Atopic dermatitis: Topical antihistamines recommendations

  • The use of topical antihistamines for the treatment of patients with atopic dermatitis is not recommended because of the risk of absorption and of contact dermatitis.
Level of Evidence: II Strength of Recommendation: B  

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Topical antihistamines have been tried for the treatment of AD but unfortunately have demonstrated little utility and are not recommended. Studies investigating topical doxepin have demonstrated a short-term decrease in pruritus in some cases, but with no significant reduction in disease severity or control. Treatment has local side effects, particularly stinging and burning, and can also cause sedation.115,116 There are multiple reports of allergic contact dermatitis secondary to the use of topical doxepin; however, the specific incidence of this outcome cannot be established with certainty based on the available data.117 There are no controlled studies on the use of topical diphenhydramine for AD. It may also cause allergic or photoallergic contact dermatitis.118 Widespread application, use on broken skin, and/or combined use with oral diphenhydramine are not advised because of risk for systemic toxicities such as toxic psychosis (e.g., hallucinations, delirium), particularly in children.119,120

References

  1. Berberian BJ, Breneman DL, Drake LA, Gratton D, Raimir SS, Phillips S, et al. The addition of topical doxepin to corticosteroid therapy: an improved treatment regimen for atopic dermatitis. Int J Dermatol 1999;38:145-8.
  2. Drake LA, Fallon JD, Sober A. Relief of pruritus in patients with atopic dermatitis after treatment with topical doxepin cream: the doxepin study group. J Am Acad Dermatol 1994; 31:613-6.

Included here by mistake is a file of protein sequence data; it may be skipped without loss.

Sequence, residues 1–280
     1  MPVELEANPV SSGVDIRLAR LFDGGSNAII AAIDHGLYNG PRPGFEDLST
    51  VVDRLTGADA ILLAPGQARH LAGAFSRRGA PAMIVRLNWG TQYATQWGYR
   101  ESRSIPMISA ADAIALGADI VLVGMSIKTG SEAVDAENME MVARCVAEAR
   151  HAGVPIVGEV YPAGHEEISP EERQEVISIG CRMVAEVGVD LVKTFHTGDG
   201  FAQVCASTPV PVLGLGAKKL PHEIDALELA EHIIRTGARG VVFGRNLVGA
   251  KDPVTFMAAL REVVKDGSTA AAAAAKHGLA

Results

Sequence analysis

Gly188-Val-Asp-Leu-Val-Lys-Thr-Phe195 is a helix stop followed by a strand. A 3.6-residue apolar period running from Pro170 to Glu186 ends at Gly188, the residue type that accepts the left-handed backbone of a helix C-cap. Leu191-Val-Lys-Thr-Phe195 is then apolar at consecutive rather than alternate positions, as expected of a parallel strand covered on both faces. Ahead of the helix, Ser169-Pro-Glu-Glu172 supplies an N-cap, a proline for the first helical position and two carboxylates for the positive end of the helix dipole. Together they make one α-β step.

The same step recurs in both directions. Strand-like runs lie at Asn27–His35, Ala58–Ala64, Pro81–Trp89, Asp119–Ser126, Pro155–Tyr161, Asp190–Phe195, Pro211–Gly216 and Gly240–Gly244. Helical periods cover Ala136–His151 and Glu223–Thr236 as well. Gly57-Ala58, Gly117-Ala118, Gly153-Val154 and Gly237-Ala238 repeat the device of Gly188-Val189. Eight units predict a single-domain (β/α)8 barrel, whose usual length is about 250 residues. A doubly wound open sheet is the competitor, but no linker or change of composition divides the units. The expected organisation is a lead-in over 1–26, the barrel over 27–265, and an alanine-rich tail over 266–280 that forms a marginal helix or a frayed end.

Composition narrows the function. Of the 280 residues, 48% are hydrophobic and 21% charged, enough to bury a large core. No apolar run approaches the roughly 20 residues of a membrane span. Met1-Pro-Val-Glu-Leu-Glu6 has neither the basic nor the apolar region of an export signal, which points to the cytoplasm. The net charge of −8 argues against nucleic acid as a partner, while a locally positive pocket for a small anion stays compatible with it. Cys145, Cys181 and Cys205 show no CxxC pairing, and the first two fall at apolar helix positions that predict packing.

3. Bonnel RA, La Grenade L, Karwoski CB, Beitz JG. Allergic contact dermatitis from topical doxepin: Food and Drug Administration’s postmarketing surveillance experience. J Am Acad Dermatol 2003;48:294-6.
  4. Horio T. Allergic and photoallergic dermatitis from diphenhydramine. Arch Dermatol 1976;112:1124-6.
  5. Food and Drug Administration; Department of Health and Human Services. Labeling of diphenhydramine-containing drug products for over-the-counter human use: final rule. Fed Regist 2002;2:72555-9.
  6. Food and Drug Administration; Department of Health and Human Services. Labeling of diphenhydramine-containing drug products for over-the-counter human use: proposed rules. Fed Regist 1997;62:45767-74. 

Navigate section 2 of the AD guideline: Topical therapy   

Citation note 

When referencing this guideline in a publication, please use the following citation: Eichenfield LF, Tom WL, Berger TG, Krol A, Paller AS, Schwarzenberger K, et al. Guidelines of care for the management of atopic dermatitis: section 2. Management and treatment of atopic dermatitis with topical therapies. J Am Acad Dermatol. 2014 Jul;71(1):116-32.

 


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